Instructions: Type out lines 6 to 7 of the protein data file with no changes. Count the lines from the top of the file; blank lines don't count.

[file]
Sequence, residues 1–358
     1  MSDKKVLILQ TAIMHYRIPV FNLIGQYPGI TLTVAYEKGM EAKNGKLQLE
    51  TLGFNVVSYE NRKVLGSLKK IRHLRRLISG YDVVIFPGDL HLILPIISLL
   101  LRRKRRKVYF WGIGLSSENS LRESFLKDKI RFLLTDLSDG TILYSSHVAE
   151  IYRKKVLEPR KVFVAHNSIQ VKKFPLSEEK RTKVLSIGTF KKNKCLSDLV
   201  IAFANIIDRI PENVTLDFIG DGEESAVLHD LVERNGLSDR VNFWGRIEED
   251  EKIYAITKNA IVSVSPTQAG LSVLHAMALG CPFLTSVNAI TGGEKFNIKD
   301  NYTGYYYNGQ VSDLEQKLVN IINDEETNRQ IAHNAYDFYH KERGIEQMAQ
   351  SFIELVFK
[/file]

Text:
   201  IAFANIIDRI PENVTLDFIG DGEESAVLHD LVERNGLSDR VNFWGRIEED
   251  EKIYAITKNA IVSVSPTQAG LSVLHAMALG CPFLTSVNAI TGGEKFNIKD